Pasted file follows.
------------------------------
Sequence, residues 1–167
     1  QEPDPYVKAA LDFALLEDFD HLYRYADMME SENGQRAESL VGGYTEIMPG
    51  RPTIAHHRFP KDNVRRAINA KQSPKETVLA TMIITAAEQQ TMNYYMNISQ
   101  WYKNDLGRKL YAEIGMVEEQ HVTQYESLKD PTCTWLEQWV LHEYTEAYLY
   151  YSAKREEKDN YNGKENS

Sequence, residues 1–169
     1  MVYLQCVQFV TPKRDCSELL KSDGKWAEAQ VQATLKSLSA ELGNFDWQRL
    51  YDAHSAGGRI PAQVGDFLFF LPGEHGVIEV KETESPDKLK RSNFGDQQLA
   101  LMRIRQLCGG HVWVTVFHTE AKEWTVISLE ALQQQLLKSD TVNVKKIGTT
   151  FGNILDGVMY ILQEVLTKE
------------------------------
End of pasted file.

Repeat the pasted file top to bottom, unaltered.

Sequence, residues 1–167
     1  QEPDPYVKAA LDFALLEDFD HLYRYADMME SENGQRAESL VGGYTEIMPG
    51  RPTIAHHRFP KDNVRRAINA KQSPKETVLA TMIITAAEQQ TMNYYMNISQ
   101  WYKNDLGRKL YAEIGMVEEQ HVTQYESLKD PTCTWLEQWV LHEYTEAYLY
   151  YSAKREEKDN YNGKENS

Sequence, residues 1–169
     1  MVYLQCVQFV TPKRDCSELL KSDGKWAEAQ VQATLKSLSA ELGNFDWQRL
    51  YDAHSAGGRI PAQVGDFLFF LPGEHGVIEV KETESPDKLK RSNFGDQQLA
   101  LMRIRQLCGG HVWVTVFHTE AKEWTVISLE ALQQQLLKSD TVNVKKIGTT
   151  FGNILDGVMY ILQEVLTKE